Training back home at the local YMCA — riding the stationary bike and swimming, alongside all the retired folks from your town — you’ll be thinking bigger than ever. It’ll be like: You know what, I don’t want to just be on the U18 national team, I want to make the full national team!
But then, as soon as you say that to yourself, something will immediately push you further. Like, it won’t be enough. Less than two seconds later it will be….
No. No! I want to be CAPTAIN of the national team one day.
Dream big, dude. Dream big.
When the time comes for college, lots of people will think you’re crazy for choosing Furman.
Smallish school. No huge name. Not a big-money powerhouse.
“Weird,” they’ll say. “What’s he doing? I don’t get it.”
Here’s a piece of advice: Ignore those people.
Going to Furman is going to be another one of the smartest choices you’ll ever make. The soccer will be awesome. You’ll love your classes, meet lifelong friends, and play a massive amount of intramural sports with your buddies in the residence hall. (Shout out to Geer 100!) But the main reason why it will be an all-time-great choice has nothing to do with that stuff. It’s bigger than all those things combined.
Furman is where you’ll meet the love of your life.
No Furman, no Sally Tucker. It’s as simple as that, Walker.
So we’re talking about destiny here, man. Destiny.
The first time you see Sally will be during freshman orientation. She’ll walk right by your table at the dining hall, and it’ll be like a scene from a movie.
The only problem: You’re not the main character in the movie. You’re the goofy sidekick. The soccer guy with the silly headband and the corny jokes.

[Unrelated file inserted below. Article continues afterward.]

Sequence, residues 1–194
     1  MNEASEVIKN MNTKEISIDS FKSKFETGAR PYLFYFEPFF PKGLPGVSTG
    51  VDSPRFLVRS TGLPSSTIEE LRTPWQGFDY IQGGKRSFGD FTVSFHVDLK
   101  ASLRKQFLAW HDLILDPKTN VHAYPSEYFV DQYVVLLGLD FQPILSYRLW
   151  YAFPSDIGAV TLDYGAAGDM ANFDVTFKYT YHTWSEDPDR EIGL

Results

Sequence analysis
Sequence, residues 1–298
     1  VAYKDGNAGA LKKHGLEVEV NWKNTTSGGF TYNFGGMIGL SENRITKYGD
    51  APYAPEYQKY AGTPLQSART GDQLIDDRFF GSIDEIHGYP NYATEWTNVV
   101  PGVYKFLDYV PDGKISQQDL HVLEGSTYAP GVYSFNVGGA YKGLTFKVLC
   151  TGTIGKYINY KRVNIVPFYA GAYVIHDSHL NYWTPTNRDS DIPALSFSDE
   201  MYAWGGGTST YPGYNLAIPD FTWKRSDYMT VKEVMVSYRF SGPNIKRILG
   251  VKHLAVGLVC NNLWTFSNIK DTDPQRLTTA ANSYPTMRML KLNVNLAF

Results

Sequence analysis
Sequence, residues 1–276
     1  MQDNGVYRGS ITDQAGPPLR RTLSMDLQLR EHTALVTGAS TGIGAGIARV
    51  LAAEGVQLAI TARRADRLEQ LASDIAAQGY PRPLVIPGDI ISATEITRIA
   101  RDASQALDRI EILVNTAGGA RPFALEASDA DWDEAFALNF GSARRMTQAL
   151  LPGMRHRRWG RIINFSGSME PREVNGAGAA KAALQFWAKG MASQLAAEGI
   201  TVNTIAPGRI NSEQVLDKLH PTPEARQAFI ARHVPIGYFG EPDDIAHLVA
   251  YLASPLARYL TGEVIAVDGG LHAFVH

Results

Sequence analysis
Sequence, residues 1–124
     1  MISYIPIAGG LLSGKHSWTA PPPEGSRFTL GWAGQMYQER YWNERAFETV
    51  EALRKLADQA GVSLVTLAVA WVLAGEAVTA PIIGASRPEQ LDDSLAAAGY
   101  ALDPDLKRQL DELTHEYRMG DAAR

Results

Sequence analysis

But then a month or so later, you’ll ask a classmate from Econ about Sally, and that guy will turn out to be close friends with her. He’ll take you over to her dorm room to say hi, and she will be G Chatting with her ex-boyfriend back home when you guys show up. As soon as you walk in … she’s going to shut her laptop.
The rest is history.
Sally will be there with you every step of the way from then on out. She’ll be your best friend. Your support system. She’ll see the good — college All-America honors, a Generation Adidas deal, the MLS SuperDraft, signing your first professional contract at the age of 19. But she’s also going to see you struggle, Walker.
She’ll see the injuries begin to bog you down as you get your professional career underway in Dallas — sports hernias, leg injuries, you name it. (You’re going to be away from the pitch so much that first year, you’ll actually call up the local PetSmart to see if you can come in and help with training some dogs.)
Sally will hear all about the new coach in Dallas, who at the start of your second season will call you into his office and read off the number of games and practices that you’d missed because of injury during your rookie year.
There won’t be all that much you can say when that happens. He won’t be wrong. I mean, you’ll be sitting in there, injured … during the meeting where he’s talking about how you’re always injured.
At one point he’ll be like, “I need a center back who’s reliable, dependable. That’s not you. I’m ready to turn the page.”
You’ll not really know how to respond. You’ll understand where he’s coming from. But you’ll tell him, “I’m here to show you that I can stay healthy.”
“I’m ready to go out and prove you wrong!”
Then, right on cue….
The injuries are going to continue. You’ll barely see the field. Again.
You’ll feel lost, adrift, and not really know what to do about it. You’ll lean on Sally, and she’ll be a constant source of support, but during the toughest times it will feel like it might be the beginning of the end for your soccer career. Nothing will seem to be going in the right direction. At one point, after the following season, you’ll be in search of a reboot. You’ll fly over to Sweden to sign a contract to play overseas, even though it would mean living far away from Sally while she finishes up her graduate degree.